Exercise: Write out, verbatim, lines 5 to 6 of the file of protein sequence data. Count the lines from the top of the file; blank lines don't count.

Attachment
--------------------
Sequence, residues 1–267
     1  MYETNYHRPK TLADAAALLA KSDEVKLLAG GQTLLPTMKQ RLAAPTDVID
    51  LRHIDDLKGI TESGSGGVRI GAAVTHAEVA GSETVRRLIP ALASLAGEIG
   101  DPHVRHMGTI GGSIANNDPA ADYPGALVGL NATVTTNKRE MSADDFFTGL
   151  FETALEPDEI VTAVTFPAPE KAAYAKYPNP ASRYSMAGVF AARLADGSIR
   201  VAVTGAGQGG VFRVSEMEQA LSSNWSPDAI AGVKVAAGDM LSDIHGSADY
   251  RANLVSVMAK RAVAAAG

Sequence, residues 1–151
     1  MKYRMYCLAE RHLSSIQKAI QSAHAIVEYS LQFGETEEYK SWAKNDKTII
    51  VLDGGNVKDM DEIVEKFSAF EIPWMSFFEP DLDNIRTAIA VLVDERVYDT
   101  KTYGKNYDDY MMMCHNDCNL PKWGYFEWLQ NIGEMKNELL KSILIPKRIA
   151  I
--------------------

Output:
   151  FETALEPDEI VTAVTFPAPE KAAYAKYPNP ASRYSMAGVF AARLADGSIR
   201  VAVTGAGQGG VFRVSEMEQA LSSNWSPDAI AGVKVAAGDM LSDIHGSADY